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      Social Scene News

      Our Favorite Mardi Gras Cocktails

      While most of us who won't be in the big easy for all the Fat Tuesday festivities, you can feel a whole lot closer with these tasty local recipes, each with their own unique, rich history.


      Recipes certainly vary, with a menagerie of potential add-on ingredients such as grenadine orange juice, amaretto, triple sec, or gin. 
      The standard Hurricane features light and dark rum, passion fruit syrup and lime juice and is attributed to 1940's New Orleans barman Pat O'Brien who industriously used the Hurricane as a vehicle for ridding himself of plentiful cheaper rums tariffed onto orders for higher end scotches and whiskeys. 
      In a savvy marketing move, O'Brien served the drink in a plastic cup resembling an upside down hurricane lamp, and the drink was born. 

      Vieux Carre Cocktail 

      Synonymous with New Orlean's famed French Quarter, this apéritif is made with rye, cognac, vermouth,  herbal liquor Bénédictine, botanical Angostura bittersPeychaud bitters similar to Angostura bitters but a bit sweeter, and finally a twist of lemon.
      In the case of this cocktail, the ingredients are of interest as Angostura bitters recipe is said to only be known to five individuals. It is nearly half composed of alcohol, and is said to be an acquired taste.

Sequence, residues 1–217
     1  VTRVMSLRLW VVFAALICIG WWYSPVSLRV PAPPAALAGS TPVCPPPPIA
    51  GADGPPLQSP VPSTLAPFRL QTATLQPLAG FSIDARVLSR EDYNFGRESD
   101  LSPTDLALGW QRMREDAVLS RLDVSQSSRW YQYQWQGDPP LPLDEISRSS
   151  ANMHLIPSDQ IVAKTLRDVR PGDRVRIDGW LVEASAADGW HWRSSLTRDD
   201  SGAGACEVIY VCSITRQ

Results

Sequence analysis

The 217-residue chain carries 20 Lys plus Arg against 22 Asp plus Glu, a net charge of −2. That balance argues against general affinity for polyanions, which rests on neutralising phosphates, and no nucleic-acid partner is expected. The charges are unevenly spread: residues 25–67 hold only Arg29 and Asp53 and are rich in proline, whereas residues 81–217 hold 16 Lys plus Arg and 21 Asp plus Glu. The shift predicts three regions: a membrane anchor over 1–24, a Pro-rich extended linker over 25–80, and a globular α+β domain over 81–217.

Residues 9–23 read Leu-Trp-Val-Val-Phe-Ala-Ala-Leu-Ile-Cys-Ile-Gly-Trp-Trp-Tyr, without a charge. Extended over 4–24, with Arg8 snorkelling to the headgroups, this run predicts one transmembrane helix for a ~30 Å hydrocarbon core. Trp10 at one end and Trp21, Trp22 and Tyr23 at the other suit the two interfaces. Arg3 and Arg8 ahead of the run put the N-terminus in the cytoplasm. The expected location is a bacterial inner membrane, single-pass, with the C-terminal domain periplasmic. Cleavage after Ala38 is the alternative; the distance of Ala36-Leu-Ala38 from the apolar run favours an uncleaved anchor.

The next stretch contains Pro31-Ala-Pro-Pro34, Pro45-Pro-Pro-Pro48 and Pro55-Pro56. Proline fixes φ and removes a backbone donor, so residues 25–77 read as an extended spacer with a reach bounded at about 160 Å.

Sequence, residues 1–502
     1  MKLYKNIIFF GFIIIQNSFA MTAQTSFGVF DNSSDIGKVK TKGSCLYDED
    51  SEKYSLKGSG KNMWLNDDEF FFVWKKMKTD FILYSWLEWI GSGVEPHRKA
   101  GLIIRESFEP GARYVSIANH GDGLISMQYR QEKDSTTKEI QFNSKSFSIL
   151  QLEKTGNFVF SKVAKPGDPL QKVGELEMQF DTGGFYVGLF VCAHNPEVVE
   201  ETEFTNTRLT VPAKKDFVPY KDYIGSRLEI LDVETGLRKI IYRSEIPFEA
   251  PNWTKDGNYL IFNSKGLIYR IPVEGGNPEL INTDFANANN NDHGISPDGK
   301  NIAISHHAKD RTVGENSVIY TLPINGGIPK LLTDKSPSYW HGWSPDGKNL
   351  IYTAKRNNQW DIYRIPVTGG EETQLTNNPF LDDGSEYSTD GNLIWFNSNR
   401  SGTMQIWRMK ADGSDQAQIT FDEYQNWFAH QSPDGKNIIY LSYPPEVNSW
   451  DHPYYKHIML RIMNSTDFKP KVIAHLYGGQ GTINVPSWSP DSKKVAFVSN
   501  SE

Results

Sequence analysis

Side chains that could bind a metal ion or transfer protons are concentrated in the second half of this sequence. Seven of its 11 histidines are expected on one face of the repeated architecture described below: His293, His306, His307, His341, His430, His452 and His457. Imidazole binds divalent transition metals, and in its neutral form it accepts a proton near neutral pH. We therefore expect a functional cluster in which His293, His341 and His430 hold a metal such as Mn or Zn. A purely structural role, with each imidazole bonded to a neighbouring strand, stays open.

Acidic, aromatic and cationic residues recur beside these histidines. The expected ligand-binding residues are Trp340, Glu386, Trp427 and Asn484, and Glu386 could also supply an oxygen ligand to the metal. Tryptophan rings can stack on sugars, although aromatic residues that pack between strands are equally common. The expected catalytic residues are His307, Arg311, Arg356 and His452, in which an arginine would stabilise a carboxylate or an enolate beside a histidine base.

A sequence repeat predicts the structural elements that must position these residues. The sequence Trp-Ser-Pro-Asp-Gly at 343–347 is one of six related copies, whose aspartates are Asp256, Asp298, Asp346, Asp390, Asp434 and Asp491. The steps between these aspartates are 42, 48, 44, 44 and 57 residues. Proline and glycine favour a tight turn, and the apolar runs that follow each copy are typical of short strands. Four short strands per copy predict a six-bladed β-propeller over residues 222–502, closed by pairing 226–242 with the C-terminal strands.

The recipe has undergone several changes through the years, with the final cocktail's ingredients being anise liqueur, sugar, water, the sweeter cousin to Angostura bitters - Peychaud bitters, ice, rye and a lemon twist garnish. 
      Antoine Amedie Peychaud's apothecary business started selling the drink in egg cups (coquetier in French), which was phonetically understood as cocktail - reportedly the first use of the word all the way back in 1838! 
      Within 25 years, the drink, made with Sazerac French brandy, was an enormous success.


      We were thoroughly delighted by the plethora of fascinating insights into the birthplace of Mardi Gras and the history of its palate. This is only the tip of the iceberg, with the founding of New Orleans predating even that of the United States (1718)! 

      Head out in search for all these and more refreshing, festive cocktails on our upcoming Mardi Gras crawl in your city!

      Dennis Lyons

      Social Media & Brand Manager

      Social Scene 


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